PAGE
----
The lack of belief in what so many describe to me as prices "way too elevated to be sustainable" keeps me intrigued in this market. The fact that so many people think that stocks are just up way too much vs. the fundamentals? I like that, too.
I keep thinking, for example, about all of these research pieces lately, the plethora of reports downgrading the consumer packaged industry stocks because they have run too much. They seem like hourly occurrences.
Each piece seems to have the same point, the same siren: this group is the most overstretched it has ever been, and you have to take profits now before ... well, who knows what!
Let's take a look at one of the classic names that research analysts have been talking to me about being overvalued: the stock of General Mills (GIS), which has gone from $56 to $64 in one year's time.
Do I think General Mills, for example, should be at $64? One way to look at this stock is the way I would have at my old hedge funds, if I owned it: yes! But because it went up without me, no! I put it that way because almost all of the reports I read about this stock and others in its cohort are all damning, with faint praise about how, of course, it's a good company, but no way can it support that valuation. The only issue: these reports were issued when the stock was in its $40s, $50s and now $60s. It's been seemingly without a champion the whole way up.
But what's really got analysts and hedge fund managers upset about this run? I think there's disregard for the stock, because General Mills is really the classic example of company that's slow, only somewhat steady, with little organic growth and no pizzazz and, therefore, a very over-stretched valuation.
The stock's principal claim to fame? Like so many of these others, like Kellogg (K) and Campbell (CPB), it never comes in!! Buyers lurk everywhere. Underneath, to the side, and sometimes above!
Meanwhile, these companies buy back stock with alacrity, keeping the float extra tight. They raise dividends repeatedly. They offer just enough EPS growth that they keep the bears at bay.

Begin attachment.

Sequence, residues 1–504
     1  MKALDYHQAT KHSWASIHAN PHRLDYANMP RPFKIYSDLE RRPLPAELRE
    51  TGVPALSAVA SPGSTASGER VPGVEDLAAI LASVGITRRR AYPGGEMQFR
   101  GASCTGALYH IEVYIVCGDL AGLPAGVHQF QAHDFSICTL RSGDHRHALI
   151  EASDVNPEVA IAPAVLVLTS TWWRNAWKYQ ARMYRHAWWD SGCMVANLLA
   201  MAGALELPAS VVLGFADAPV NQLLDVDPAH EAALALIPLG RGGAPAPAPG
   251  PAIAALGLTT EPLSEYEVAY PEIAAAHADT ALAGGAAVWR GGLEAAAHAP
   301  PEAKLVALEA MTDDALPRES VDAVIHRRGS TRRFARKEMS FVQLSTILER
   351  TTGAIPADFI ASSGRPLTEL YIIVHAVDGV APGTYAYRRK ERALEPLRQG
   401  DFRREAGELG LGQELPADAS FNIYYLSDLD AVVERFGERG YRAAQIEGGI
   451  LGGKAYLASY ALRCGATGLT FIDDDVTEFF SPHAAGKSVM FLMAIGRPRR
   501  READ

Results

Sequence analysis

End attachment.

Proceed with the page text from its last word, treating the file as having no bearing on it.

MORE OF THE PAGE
The analysts warn us none of this can continue, and stocks like General Mills are dangerous because of their advances. But let me ask you, for all of its gains, do you regard General Mills as a dangerous stock? Is it one that's about to get crushed?
Do you think any company in its cohort is about to be obliterated? Clorox (CLX)? Dr. Pepper (DPS)? Kimberly (KMB)? Procter (PG)? Estée Lauder (EL)?
It's almost as if there's some invisible floor there that governs them, and you need a really, really ugly day to penetrate that floor, one that rarely comes. We were down 1% yesterday; I detected not an ounce of selling pressure in the group.
It's tougher to find stock for sale in these companies than it is to get a couple of tickets to Hamilton. There's no size available.
Now, maybe that's because there are no longer brokerages willing to position these stocks for sale. So they come out in dribs and drabs. Or maybe it's because people are so desperate for these now meager dividends? Or is it that there just are no big block sellers anymore, because they are largely owned by index funds and when stock does come in for sale the company buys it?
If you aren't in, what do you do? I think at this point you do have to wait. But you are waiting for a very specific set of events. You need some bad news to break in the macro portion of the economy between 9:30 and 10 or between 3:30 and 4, when the companies can't buy stock themselves. You need the event to have nothing to do with the actual prices of products they sell.
You get all of those circumstances and you have it, the opportunity, although you can't take the first one, because what will happen is that there are now enough momentum guys in these stocks that they will flee on day one and day two
It's down day three that you buy, or nothing.
Who knows? Maybe one day we will discover that the move was all about commodity deflation. Or maybe consolidation? Or a weaker dollar.
For now, though, there's your consumer packaged goods playbook. It's worked for a year. I don't see it not working any time soon.